While the roadmap to cutting emissions is fairly clear, eliminating CO2 from the atmosphere is a whole other beast, and scientists are only now starting to test ways through which this could be done. A project in Iceland seems like the most promising approach so far.

The technique starts from a natural event in which basaltic rocks absorb carbon dioxide and mineralize it, storing it forever — but this geological process happens over great periods of time. In order to accelerate this process, scientists developed a way to first absorb the CO2 into water, and then inject the carbonated water into porous basaltic rocks. The bubbly liquid is then pumped under high pressure into the rock 1,000 meters (3,300 feet) under the ground. The CO2 produced by the injection itself is also absorbed.

“So basically we are just making soda water out of the CO2,” says project director Edda Sif Aradottir.

The solution infiltrates into the rock pores and starts to solidify, reacting with the calcium, magnesium, and iron inside the rock, beginning an accelerated mineralization process. It’s not the first time something like this has been attempted, but researchers weren’t sure just how quick this process was. It took only two years for the carbon to solidify.

“With this method we have actually changed the time scale dramatically,” says geologist Sandra Osk Snaebjornsdottir, who also worked on the project called CarbFix. “Almost all of the injected CO2 was mineralized within two years in our pilot injection,” Snaebjornsdottir says.

For Iceland, a true land of ice and fire, the method is perfect. Virtually all of the country consists of volcanic, basaltic rocks, and the country generates more than half of its energy from clean geothermal sources. The country is also an island, so it has access to what is essentially limitless supply of water — because the method uses huge quantities of water. Around 25 ton of water are needed for each ton of carbon dioxide injected into the ground, something which Snaebjornsdottir calls the “Achilles heel” of the method. Furthermore, the method hasn’t yet been adapted to use saltwater instead of freshwater — which could make a huge difference. Providing hundreds or thousands of tons of freshwater is not something many places can readily do.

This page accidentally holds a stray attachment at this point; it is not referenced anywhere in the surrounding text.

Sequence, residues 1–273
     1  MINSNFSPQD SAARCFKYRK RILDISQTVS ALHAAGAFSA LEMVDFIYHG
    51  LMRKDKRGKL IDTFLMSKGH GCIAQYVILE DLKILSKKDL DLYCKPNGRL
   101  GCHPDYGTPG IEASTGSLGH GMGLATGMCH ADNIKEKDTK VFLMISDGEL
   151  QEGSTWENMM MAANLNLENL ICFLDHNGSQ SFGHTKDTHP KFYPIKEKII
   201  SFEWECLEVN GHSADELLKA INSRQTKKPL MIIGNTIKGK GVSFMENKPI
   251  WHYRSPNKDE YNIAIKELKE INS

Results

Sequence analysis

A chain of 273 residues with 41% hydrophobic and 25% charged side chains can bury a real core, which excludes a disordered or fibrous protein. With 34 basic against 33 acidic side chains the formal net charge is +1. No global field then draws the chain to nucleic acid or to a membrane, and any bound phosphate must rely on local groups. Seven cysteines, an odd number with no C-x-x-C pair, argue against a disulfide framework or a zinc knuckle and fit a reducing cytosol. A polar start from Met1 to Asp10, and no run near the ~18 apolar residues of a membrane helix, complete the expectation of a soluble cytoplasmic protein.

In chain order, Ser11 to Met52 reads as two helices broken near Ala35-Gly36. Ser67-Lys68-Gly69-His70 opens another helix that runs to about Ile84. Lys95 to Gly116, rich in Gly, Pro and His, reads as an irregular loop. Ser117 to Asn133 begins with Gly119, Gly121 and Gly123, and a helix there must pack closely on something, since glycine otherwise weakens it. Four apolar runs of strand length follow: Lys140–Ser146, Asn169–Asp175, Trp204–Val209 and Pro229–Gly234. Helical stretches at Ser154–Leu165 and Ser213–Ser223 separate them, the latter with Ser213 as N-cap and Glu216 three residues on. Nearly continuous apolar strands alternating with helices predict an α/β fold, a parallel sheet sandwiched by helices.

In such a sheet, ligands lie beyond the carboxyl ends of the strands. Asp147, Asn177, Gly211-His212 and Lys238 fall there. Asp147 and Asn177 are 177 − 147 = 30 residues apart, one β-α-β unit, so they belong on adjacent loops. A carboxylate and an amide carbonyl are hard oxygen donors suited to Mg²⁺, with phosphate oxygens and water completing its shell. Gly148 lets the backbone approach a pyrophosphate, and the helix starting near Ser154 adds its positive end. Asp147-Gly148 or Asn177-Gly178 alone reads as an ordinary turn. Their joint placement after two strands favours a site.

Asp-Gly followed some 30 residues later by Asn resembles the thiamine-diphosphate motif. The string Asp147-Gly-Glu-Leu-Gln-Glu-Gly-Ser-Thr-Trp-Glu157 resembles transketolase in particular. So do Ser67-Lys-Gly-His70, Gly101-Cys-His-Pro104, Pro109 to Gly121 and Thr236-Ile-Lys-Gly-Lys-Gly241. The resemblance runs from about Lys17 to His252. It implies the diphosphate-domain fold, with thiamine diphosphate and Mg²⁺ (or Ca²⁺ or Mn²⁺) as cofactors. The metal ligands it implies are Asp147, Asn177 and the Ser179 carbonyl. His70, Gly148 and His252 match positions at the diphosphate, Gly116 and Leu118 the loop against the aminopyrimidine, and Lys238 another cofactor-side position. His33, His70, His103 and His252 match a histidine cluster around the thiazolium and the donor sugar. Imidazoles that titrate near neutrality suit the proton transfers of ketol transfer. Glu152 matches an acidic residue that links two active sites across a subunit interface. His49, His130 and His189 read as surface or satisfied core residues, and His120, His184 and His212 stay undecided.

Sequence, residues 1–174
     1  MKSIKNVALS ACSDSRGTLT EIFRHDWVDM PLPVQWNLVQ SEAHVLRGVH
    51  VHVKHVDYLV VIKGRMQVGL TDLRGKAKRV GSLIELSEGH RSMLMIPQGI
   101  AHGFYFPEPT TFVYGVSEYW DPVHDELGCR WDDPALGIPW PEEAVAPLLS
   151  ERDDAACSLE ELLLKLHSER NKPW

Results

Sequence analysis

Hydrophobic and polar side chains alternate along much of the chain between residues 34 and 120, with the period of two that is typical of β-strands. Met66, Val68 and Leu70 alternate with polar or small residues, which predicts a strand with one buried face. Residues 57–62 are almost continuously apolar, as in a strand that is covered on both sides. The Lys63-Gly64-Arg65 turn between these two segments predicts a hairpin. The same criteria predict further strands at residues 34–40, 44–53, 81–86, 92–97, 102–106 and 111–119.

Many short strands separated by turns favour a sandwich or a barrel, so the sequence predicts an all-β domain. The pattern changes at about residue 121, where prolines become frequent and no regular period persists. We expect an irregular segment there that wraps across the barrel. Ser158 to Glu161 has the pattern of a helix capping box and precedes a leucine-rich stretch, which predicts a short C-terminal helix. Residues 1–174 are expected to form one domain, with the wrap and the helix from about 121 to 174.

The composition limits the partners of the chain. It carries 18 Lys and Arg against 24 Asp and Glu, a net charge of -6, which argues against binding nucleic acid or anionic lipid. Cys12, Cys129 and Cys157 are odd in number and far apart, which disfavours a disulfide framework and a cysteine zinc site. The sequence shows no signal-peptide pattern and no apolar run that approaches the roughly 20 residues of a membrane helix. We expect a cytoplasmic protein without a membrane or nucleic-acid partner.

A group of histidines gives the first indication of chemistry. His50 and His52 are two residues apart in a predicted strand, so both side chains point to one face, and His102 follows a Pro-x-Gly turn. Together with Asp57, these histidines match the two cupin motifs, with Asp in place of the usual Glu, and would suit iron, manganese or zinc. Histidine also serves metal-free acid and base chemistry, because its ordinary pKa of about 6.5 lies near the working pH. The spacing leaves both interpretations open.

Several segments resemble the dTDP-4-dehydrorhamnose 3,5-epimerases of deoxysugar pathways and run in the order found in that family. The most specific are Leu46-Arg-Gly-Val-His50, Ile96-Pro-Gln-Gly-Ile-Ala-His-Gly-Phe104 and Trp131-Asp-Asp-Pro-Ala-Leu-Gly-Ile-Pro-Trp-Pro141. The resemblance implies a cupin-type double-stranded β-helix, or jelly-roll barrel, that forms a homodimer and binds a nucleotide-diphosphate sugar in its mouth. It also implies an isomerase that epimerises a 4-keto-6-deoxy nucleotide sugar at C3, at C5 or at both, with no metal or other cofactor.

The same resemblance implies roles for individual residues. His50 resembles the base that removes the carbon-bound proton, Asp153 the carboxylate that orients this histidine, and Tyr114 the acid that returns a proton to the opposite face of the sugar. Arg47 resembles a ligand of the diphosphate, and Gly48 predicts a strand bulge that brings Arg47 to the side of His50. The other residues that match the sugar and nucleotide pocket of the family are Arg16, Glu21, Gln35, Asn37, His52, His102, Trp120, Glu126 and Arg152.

Scalability is another concern. The CarbFix project, which was implemented at a power plant, reduced the plant’s emissions by a third, amounting to 12,000 tons of CO2 captured and stored at a cost of about $25 a ton. Considering that Iceland alone, a country of less than 400,000 people, emits over 4 million tons a year, that’s a hefty price tag — but not one beyond affordability. The United States, for instance, produces around 5,000 million tons of CO2 a year which, at the current price tag, would cost $125 billion, which is still only a fraction of the country’s military budget — and that’s enough to offset all of the country’s emission. Of course, having the money is only a part of the problem, you also need to invest in the injection facilities, and have access to proper basaltic rocks in the first place, but since this is still the early stages of the carbon injecting technology, there are reasons to hope that the efficiency and price will improve in the not-too-distant future. Judging by the world’s current climate trajectory, we may need this technology sooner rather than later.